Somewhere in a box, stored either here or there, is a framed, aerial photograph of an offshore semi-submersible drilling rig – the Ocean Ranger – being pulled out to sea just off the coast of Newfoundland. The derrick in particular, if I remember correctly, is lit soft orange by early morning sunlight and the ocean is dead calm.
I bought the picture in the fall of 1982, had it framed and gave it to my parents for Christmas that year. They dutifully hung it in their living room, an odd addition to the Greg Curnoe’s and the various other art that hung nearby along with the bric-a-brac my mum liked to display. I’m sure they never really knew why I gave them this photograph. I’m not sure I know myself, I never worked on the Ranger. However, it was a bird’s-eye view of the kind of rigs I did work on and that would be interesting to them. But that’s just it. It was merely a bird’s-eye-view and a benign one at that – the rig’s gentle wake belying its enormity and that ocean: darker and colder and wilder than one could ever imagine.
The Ocean Ranger was the largest offshore drilling rig in the world and it sank violently and without mercy during a fierce North Atlantic storm in the early morning hours of February 15, 1982. All 84 men onboard perished.
My parents certainly knew about the rig in the photograph; almost everyone in Canada knew about the Ocean Ranger after it sank. It was international headline news. But my guess is, while acknowledging the tragedy and mourning the lives lost, they, like most others, were more in awe of the boldness, the heroism, the technology, the out-of this-worldiness of it all. They could point to the photo and tell friends and family, “My son works on an offshore rig like this one.” Why wouldn’t they? Why wouldn’t any of us? That’s the narrative largely told of any industrial disaster. What Susan Dodd in The Ocean Ranger: Remaking the Promise of Oil refers to as “redemption narratives,” reconstituting the promise of a future, in this case of oil, and working through personal and public trauma by assuring changes will be made and lives will not be lost in vain.
The story goes something like this… A Royal Commission inquiry reveals that job training and safety protocols were inadequate, safety preparation and requisite equipment basically non-existent. It finds the design of the rig was flawed. People speak or write testimonials that clearly establish corporate greed more than anything else made the powers that be (ODECO, owner of the Ocean Ranger, and Mobil Oil) cut corners. It reveals that governments did nothing to keep these corporations from cutting these corners, unwilling to enforce the few regulations that did exist.
But then the story takes a twist (as stories often do). For Newfoundland in the early 1980s, oil was the future, the way out of poverty and dependence. For others from outside the province like me who lacked a university education, it was a job, one that offered a sizable paycheck (I made more money than my father, a professional architect). It’s the story of opportunity. Corporate greed and government inattention doesn't fit that narrative.
So a story bordering on the criminal now shifts to one of an extraordinary storm and how that storm taught valuable lessons to a pioneering offshore oil industry – the people who died no longer victims, but heroes who gave their lives for progress or security or both. Sound familiar?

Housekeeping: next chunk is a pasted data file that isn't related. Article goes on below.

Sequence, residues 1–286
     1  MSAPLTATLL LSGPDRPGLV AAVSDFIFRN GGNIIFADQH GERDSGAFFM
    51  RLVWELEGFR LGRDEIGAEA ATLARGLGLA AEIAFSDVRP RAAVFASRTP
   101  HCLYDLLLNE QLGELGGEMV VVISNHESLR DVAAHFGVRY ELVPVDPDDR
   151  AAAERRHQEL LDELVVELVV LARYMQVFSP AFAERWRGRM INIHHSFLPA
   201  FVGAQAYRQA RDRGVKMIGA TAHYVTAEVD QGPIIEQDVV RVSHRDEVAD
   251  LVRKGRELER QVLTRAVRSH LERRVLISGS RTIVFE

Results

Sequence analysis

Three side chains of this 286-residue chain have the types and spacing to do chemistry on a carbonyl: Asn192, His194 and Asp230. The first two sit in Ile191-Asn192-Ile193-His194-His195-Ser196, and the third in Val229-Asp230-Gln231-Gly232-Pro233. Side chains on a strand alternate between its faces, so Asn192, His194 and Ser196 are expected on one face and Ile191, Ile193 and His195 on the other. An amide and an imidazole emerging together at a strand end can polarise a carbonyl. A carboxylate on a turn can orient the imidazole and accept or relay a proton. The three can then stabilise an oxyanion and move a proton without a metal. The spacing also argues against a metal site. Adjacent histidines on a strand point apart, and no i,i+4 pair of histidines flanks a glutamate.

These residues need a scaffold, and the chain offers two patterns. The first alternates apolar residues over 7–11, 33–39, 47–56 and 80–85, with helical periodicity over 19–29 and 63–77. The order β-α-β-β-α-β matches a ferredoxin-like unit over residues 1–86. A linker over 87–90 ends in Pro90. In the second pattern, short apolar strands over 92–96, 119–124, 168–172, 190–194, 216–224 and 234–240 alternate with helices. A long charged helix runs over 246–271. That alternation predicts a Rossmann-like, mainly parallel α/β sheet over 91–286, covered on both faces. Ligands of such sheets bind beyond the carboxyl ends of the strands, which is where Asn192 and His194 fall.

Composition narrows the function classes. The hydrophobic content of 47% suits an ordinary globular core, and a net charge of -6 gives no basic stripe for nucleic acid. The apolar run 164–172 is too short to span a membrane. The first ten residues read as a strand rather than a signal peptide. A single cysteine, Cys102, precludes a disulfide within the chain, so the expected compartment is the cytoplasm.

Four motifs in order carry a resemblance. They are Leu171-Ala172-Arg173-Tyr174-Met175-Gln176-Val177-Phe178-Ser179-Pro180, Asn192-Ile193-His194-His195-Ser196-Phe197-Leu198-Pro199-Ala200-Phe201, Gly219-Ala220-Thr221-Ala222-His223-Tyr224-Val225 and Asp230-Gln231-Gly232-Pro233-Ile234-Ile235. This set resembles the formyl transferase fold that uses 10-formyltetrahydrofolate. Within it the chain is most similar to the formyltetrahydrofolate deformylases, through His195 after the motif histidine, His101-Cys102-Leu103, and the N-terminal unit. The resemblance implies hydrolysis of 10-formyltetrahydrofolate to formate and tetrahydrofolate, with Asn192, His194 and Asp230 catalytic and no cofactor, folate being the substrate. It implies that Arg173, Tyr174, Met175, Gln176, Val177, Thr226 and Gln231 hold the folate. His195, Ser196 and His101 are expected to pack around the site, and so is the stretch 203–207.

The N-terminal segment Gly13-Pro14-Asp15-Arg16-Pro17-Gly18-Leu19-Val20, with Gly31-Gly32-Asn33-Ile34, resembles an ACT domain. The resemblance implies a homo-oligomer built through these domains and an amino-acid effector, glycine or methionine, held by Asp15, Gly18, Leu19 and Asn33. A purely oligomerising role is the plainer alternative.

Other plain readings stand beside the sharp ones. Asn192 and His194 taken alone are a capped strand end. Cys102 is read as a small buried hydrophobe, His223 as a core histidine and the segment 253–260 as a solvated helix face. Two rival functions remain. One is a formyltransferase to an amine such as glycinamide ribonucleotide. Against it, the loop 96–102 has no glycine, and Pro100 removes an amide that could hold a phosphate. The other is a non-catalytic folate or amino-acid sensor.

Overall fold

Regardless, that’s the narrative I accepted. Why else would I go to sea, onto that very same killer ocean, onto rigs like the Ocean Ranger for weeks at a time and remain and leave and then return again and again even after witnessing storms equal to the one on that dread-filled night in 1982?
But there are so many other stories worthy of attention: the Schlumberger wireline operator I got to know, who had worked on the Ranger and carried in his wallet the handwritten names of all 84 men on a tightly folded up piece of paper; the Mobile Oil company man, a looming Texan who ended his three-week shift on the Ranger just days before it sank, who could not sleep during storms and instead would open the doors to his office so people regardless of their ‘station’ could gather and talk through the night. I remember his three-shelved memo box labeled “no sweat… sweat… sweat profusely.” Elsewhere, the story of the Canadian driller who dove into the South China Sea off the coast of Thailand to “swim home” after reading the letter that his wife and kids had left him; or the one about the directional drilling service hand who would run laps on the platform’s heli-deck a hundred feet above the same South China Sea, night after night, around and around, training for his first marathon.
Over 30 years after the sinking of the Ocean Ranger, after the explosion on the Deepwater Horizon and all the tragedies in between, and certain in the future, the stories of those who lost their lives and those who survived them who lost a father, a brother, a lover, a friend still need to be, must be, told and retold. To quote Nadine Gordimer, “truth isn't always beauty, but the hunger for it is.”
I left the "oil patch" in the summer of 1987 and I never looked back... until now. While I left with a fairly hefty bank account and a lifetime of experiences, I was a pretty empty soul who had distanced himself from family and friends. Reclaiming my stories of a life working rigs is long over due. It’s time to dig out the photograph and tell a new story.
May 3-4, 2014 StoryCenter will host a digital storytelling workshop in Berkeley, California we’re calling "Gig" designed for those wanting to reclaim stories of a working life. For more information and to register, please visit storycenter.org/joes-digital-diner/#workshops.